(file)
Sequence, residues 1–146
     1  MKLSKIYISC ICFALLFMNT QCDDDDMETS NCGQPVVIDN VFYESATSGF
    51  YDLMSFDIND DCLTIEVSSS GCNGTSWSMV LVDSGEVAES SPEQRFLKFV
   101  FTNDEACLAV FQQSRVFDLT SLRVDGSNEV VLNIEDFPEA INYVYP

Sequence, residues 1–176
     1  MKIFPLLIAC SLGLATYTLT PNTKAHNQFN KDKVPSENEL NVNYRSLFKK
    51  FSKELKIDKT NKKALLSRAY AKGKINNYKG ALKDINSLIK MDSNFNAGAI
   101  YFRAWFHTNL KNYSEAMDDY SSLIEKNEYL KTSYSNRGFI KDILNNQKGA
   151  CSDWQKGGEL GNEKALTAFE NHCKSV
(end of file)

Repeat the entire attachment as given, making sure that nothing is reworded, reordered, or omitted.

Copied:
Sequence, residues 1–146
     1  MKLSKIYISC ICFALLFMNT QCDDDDMETS NCGQPVVIDN VFYESATSGF
    51  YDLMSFDIND DCLTIEVSSS GCNGTSWSMV LVDSGEVAES SPEQRFLKFV
   101  FTNDEACLAV FQQSRVFDLT SLRVDGSNEV VLNIEDFPEA INYVYP

Sequence, residues 1–176
     1  MKIFPLLIAC SLGLATYTLT PNTKAHNQFN KDKVPSENEL NVNYRSLFKK
    51  FSKELKIDKT NKKALLSRAY AKGKINNYKG ALKDINSLIK MDSNFNAGAI
   101  YFRAWFHTNL KNYSEAMDDY SSLIEKNEYL KTSYSNRGFI KDILNNQKGA
   151  CSDWQKGGEL GNEKALTAFE NHCKSV